Baker’s first female leader on Vietnam’s economic resilience

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“Maybe I’m the first woman managing partner in Vietnam offices, but I may not be the last one.” – Oanh Nguyen, managing partner at Baker McKenzie.

The first woman to helm Baker McKenzie’s offices in Ho Chi Minh City and Hanoi shares insights into her historic appointment and Vietnam’s economic landscape.

Oanh Nguyen
Oanh Nguyen
Managing partner
Baker McKenzie

Q: As the first female lawyer to lead the offices in Ho Chi Minh City and Hanoi, how do you perceive the significance of this milestone, not only for yourself but for the legal industry and aspiring female lawyers in Vietnam and how do you envision fostering diversity and inclusion within Baker McKenzie’s Vietnam offices?

A: I may be the first woman managing partner of our Vietnam offices, but I may not be the last one because I see these female associates in my office can see a very clear message from the firm that Baker McKenzie is a firm of possibilities. So, it means, regardless of your gender, the firm sends a very clear message to go with your ambition and the firm will support you at every step of the way. The global office sends this very clear message to the young people in the office as well.

Q: Baker McKenzie has been in Vietnam for 30 years, and you’ve witnessed its evolution. What are your strategic priorities for the firm’s future growth in the Vietnamese market, and how do you plan to build on its existing reputation?

A: At the Vietnam office, we have a lot of young, talented associates and we also have a group of leaders for our industry groups. So together with the support from the global firm and with the support from my partners in the Vietnam offices, we will capture hopefully the next wave of growth for Vietnam offices. We remain focused on giving our best service to our clients by creating significant value back to our clients. We also hope to create very good experiences for our young people and associates.

I can see that 2024 is still a very challenging year for Vietnam because we are affected by the global economy. In the last quarter of 2023, we see a little pickup in terms of the economy, but I still see a lot of challenges. For example, the deposit interest rate in Vietnam had a significant drop during covid and we see very little room for a further reduction.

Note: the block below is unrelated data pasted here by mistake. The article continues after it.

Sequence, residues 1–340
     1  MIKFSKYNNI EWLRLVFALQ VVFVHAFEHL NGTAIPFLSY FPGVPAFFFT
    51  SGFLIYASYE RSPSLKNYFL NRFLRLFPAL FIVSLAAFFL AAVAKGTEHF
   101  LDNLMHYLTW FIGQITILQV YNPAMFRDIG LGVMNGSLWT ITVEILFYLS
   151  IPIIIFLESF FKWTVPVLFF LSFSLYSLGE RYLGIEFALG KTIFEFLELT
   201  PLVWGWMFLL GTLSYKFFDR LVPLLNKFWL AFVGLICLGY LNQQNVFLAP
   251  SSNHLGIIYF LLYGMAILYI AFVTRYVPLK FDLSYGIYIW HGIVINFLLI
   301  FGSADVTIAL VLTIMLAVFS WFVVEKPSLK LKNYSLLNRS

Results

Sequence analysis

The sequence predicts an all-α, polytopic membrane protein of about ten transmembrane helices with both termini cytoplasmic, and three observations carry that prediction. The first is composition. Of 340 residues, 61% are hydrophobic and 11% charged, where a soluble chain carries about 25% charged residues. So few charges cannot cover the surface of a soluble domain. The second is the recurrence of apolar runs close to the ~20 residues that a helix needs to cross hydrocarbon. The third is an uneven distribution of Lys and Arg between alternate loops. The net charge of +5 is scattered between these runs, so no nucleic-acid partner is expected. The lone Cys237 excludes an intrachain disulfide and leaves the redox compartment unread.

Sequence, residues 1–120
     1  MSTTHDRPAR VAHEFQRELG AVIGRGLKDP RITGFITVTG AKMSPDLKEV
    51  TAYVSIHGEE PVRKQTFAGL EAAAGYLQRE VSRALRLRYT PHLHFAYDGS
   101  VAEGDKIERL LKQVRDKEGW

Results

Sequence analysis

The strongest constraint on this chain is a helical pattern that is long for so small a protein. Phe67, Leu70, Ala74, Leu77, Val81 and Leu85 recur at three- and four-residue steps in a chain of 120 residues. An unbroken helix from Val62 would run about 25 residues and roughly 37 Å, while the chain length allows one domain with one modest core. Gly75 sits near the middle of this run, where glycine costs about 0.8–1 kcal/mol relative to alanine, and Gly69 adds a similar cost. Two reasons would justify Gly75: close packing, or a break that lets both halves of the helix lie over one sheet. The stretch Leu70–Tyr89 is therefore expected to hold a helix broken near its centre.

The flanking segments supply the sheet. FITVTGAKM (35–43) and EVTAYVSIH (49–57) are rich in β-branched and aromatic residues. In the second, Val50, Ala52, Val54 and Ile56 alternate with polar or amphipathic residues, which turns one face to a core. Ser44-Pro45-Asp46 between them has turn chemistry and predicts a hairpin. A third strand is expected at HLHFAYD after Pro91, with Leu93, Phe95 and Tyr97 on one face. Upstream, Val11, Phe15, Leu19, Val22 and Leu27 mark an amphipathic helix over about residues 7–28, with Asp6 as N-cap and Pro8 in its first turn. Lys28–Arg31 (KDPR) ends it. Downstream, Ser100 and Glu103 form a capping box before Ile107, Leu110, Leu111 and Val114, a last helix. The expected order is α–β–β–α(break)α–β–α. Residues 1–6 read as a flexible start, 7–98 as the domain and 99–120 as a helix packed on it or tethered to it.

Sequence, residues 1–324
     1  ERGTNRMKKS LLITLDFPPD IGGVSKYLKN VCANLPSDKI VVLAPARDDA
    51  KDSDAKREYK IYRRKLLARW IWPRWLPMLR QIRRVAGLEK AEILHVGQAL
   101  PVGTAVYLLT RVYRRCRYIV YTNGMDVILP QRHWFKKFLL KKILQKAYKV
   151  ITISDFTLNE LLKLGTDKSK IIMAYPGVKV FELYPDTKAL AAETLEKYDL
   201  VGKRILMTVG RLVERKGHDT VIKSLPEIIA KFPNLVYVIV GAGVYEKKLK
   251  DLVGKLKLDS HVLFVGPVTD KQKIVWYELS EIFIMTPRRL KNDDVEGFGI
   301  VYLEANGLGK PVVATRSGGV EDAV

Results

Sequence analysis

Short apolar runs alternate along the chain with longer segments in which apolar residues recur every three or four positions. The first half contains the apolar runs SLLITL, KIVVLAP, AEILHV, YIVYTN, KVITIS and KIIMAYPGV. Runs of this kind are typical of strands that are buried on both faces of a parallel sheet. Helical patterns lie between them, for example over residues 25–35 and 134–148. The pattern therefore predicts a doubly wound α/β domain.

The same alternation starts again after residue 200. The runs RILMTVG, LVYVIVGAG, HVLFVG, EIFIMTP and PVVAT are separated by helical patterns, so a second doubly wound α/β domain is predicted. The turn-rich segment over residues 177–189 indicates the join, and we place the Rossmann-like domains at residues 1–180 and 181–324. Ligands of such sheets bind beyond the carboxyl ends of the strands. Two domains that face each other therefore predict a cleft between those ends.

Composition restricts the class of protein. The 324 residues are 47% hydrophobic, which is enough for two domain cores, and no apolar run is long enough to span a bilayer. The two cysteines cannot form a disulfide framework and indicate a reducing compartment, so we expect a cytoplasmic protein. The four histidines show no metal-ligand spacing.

The increase in terms of bad debt and non-performing loans has slowed down in the last quarter of 2023 and we see these days the coming back of the bond, the investment in the bond and insurance sector. We hope that the first quarter of 2024 will be a little bit better, but it cannot be as strong as the boom times in 2019 and 2021. Even though we see it as a bit challenging, we also see it as a little bit better compared to 2023 in Vietnam.

Q: Given the evolving nature of legal services and technology, how do you plan to integrate advancements in legaltech or innovative practices within Baker McKenzie’s service offerings in Vietnam?

A: Baker McKenzie has been piloting OpenAI’s GPT series well before other law firms. We now have a global machine learning practice that focuses on combining machine learning with other things like prompt engineering, enterprise data, web data mining and expert validation and joining all these things up in a workflow focused on generating solutions for clients. We are very excited to leverage our new capability to develop modern solutions for clients in Vietnam.

Q: Are there specific industries or sectors where you see heightened demand for legal services, and how does Baker McKenzie plan to address these sector-specific needs?

A: 2024 continues to be a challenging year because it is affected by the global economic slowdown. Even so, I see that there are a few sectors picking up. I mean, the increase will be a little bit better in 2024, especially in the financing sector. I can see there are still a lot of financing and refinancing deals coming from the recovering businesses in Vietnam.

I also see a lot of interest in terms of the e-wallet and fintech. Those are from the financial services sector. I also see that there might be a lot of inquiries from the clients in terms of tax, especially the Pillar Two.

There are also a lot of concerns from international investors when they have a lot of investments in some other countries and in Vietnam where Pillar Two tax has been introduced, which will affect their restructuring operations. We also see quite a lot of work in terms of dispute resolutions, especially in the sectors of construction and debt restructuring. There’s also a lot of work for that. I also see in the M&A sector that there will be a few areas where the foreign investors will be focused. For example, in the hospital, education or energy sectors. I think those sectors will continue to be of interest to foreign investors. Baker McKenzie has been in Vietnam for more than 30 years. We are a full-service law firm with a deep legal knowledge of Vietnamese law. So, we are in a good position to serve our clients when there is a need.

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